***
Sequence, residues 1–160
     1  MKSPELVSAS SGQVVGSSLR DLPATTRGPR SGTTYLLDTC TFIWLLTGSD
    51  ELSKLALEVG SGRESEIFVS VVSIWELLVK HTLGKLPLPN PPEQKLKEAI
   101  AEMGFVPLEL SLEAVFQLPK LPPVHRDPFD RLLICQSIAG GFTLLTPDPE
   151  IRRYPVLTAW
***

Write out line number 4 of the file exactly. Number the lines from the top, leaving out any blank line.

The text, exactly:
   101  AEMGFVPLEL SLEAVFQLPK LPPVHRDPFD RLLICQSIAG GFTLLTPDPE